Pulsation | Health Dictionary

Also known as throbbing. An appearance seen or felt naturally below the fourth and ?fth ribs on the left side, where the heart lies, and also at every point where an artery lies close beneath the surface. In other situations, it may be a sign of ANEURYSM. In thin people, pulsation can often be seen and felt in the upper part of the abdomen, due to the throbbing of the normal abdominal AORTA.

Pulsation | Health Dictionary

Keywords of this word: Pulsation

Medical Dictionary

Areas on the head on which bone has not yet formed. The chief of these is the anterior fontanelle, situated on the top of the head between the frontal and two parietal bones. In shape it is four-sided, about 25 mm (1 inch) square at the time of birth, gradually diminishing until it is completely covered by bone, which should happen by the age of 18 months. The pulsations of the brain can be readily felt through it. Delay in its closure is particularly found in cases of RICKETS, as well as in other states of defective development. The fontanelle bulges in raised intracranial pressure from HYDROCEPHALUS and MENINGITIS, and depressed in DEHYDRATION.... Medical Dictionary

Medical Dictionary

If the tip of one ?nger is laid on the front of the forearm, about 2·5 cm (one inch) above the wrist, and about 1 cm (half an inch) from the outer edge, the pulsations of the radial artery can be felt. This is known as the pulse, but a pulse can be felt wherever an artery of large or medium size lies near the surface.

The cause of the pulsation lies in the fact that, at each heartbeat, 80–90 millilitres of blood are driven into the AORTA, and a ?uid wave, distending the vessels as it passes, is transmitted along the ARTERIES all over the body. This pulsation falls away as the arteries grow smaller, and is ?nally lost in the minute capillaries, where a steady pressure is maintained. For this reason, the blood in the veins ?ows steadily on without any pulsation. Immediately after the wave has passed, the artery, by virtue of its great elasticity, regains its former size. The nature of this wave helps the doctor to assess the state of the artery and the action of the heart.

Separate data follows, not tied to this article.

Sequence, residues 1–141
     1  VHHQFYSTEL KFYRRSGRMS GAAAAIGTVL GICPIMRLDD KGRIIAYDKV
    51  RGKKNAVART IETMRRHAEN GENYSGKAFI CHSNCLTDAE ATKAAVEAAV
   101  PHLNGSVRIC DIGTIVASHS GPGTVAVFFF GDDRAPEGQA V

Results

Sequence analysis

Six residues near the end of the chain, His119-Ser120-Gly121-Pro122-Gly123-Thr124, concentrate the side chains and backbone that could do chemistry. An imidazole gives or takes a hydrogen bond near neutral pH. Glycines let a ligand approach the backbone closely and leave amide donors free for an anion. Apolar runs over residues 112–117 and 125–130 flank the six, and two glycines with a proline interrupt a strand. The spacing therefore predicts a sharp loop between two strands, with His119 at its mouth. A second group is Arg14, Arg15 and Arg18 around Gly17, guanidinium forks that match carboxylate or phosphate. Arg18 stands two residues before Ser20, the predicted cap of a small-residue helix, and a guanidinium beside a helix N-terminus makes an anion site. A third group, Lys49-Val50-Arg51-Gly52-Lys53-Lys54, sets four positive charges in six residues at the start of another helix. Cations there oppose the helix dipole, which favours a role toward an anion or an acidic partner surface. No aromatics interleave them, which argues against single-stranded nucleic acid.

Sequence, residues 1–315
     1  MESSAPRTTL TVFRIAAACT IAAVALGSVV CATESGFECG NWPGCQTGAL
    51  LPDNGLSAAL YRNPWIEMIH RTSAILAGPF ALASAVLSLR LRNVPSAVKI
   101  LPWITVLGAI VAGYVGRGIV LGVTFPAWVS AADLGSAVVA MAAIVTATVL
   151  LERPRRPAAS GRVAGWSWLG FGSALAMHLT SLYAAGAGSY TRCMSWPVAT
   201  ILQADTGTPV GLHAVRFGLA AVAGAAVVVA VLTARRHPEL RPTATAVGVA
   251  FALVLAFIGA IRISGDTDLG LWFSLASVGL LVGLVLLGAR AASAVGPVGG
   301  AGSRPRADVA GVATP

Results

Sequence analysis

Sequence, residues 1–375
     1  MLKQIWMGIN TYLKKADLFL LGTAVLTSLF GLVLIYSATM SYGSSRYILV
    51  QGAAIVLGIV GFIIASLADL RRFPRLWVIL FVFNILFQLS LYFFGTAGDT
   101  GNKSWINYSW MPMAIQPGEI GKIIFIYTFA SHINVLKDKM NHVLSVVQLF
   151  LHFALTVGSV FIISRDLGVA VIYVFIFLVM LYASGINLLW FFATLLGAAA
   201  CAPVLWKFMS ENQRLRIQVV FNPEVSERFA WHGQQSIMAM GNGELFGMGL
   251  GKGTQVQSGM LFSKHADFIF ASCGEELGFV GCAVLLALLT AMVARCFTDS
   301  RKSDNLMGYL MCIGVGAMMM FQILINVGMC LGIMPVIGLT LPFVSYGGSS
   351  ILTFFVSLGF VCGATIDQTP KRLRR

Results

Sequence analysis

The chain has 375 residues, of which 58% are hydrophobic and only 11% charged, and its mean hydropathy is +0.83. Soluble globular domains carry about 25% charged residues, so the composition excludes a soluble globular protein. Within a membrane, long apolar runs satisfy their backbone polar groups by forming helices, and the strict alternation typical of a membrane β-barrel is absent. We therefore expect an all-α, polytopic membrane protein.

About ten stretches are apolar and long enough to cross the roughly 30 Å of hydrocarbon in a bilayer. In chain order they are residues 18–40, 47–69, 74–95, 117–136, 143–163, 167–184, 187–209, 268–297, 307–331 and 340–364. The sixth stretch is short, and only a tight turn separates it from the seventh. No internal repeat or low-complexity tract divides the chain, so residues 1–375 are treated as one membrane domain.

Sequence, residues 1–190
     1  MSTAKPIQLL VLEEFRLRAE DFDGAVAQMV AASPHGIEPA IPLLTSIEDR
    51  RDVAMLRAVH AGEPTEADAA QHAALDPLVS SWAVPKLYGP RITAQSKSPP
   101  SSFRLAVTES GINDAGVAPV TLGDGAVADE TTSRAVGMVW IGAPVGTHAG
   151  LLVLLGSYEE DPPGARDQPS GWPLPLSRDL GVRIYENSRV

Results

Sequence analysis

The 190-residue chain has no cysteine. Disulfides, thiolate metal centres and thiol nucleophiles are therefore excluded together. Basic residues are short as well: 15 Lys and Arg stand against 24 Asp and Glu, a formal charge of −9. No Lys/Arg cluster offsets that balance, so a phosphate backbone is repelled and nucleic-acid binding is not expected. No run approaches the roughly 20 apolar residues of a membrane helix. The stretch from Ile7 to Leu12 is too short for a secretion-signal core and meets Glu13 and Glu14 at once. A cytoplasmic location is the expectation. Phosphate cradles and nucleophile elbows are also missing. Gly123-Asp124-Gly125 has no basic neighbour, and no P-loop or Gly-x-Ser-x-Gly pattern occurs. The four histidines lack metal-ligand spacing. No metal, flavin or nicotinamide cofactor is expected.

The pulse rate is usually about 70 per minute, but it may vary in health from 50 to 100, and is quicker in childhood and slower in old age than in middle life; it is low (at rest) in physically ?t athletes or other sports people. Fever causes the rate to rise, sometimes to 120 beats a minute or more.

In childhood and youth the vessel wall is so thin that, when su?cient pressure is made to expel the blood from it, the artery can no longer be felt. In old age, however, and in some degenerative diseases, the vessel wall becomes so thick that it may be felt like a piece of whipcord rolling beneath the ?nger.

Di?erent types of heart disease have special features of the pulse associated with them. In atrial FIBRILLATION the great character is irregularity. In patients with an incompetent AORTIC VALVE the pulse is characterised by a sharp rise and sudden collapse. (See HEART, DISEASES OF.)

An instrument known as the SPHYGMOGRAPH registers the arterial waves and a polygraph (an instrument that obtains simultaneous tracings from several di?erent sources such as radial and jugular pulse, apex beat of the heart and ELECTROCARDIOGRAM (ECG)) enables tracings to be taken from the pulse at the wrist and from the veins in the neck and simultaneous events in the two compared.

The pressure of the blood in various arteries is estimated by a SPHYGMOMANOMETER. (See BLOOD PRESSURE.)... Medical Dictionary

Medical Dictionary

This is the collection of 22 ?at and irregularly shaped bones which protect the brain and form the face (see BONE).

Arrangement of the bones In childhood, the bones are independent, gradually fusing together by sutures, and in old age fusing completely so that the cranium forms a solid bony case. At the time of birth the growth of several bones of the infant’s head has not been quite completed, so that six soft spots, or fontanellas, present; here the brain is covered only by skin and membranes, and the pulsations of its blood vessels may be seen. One of these spots, the anterior fontanelle, does not close completely until the child is 18 months to 2••• years old.

Parts of the skull The cranium, enclosing the brain, consists of eight bones, while the face, which forms a bony framework for the eyes, nose and mouth, consists of 14 bones. These two parts can be detached.

Shape of the skull The development of large central hemispheres of the brain in humans has in?uenced the skull shape. Unlike in other mammals, the cranium extends above as well as behind the face which therefore looks forwards. The skull’s proportions change with age: the cranium in children is larger in comparison with the face – one-eighth of the whole head – than is the case in adults, where sizes are about the same. Old age reduces the size of the face because of the loss of teeth and absorption of their bony sockets. Women’s skulls tend to be lighter and smoother with less obvious protuberances than those in men.... Medical Dictionary

Medical Dictionary

See PULSATION.... Medical Dictionary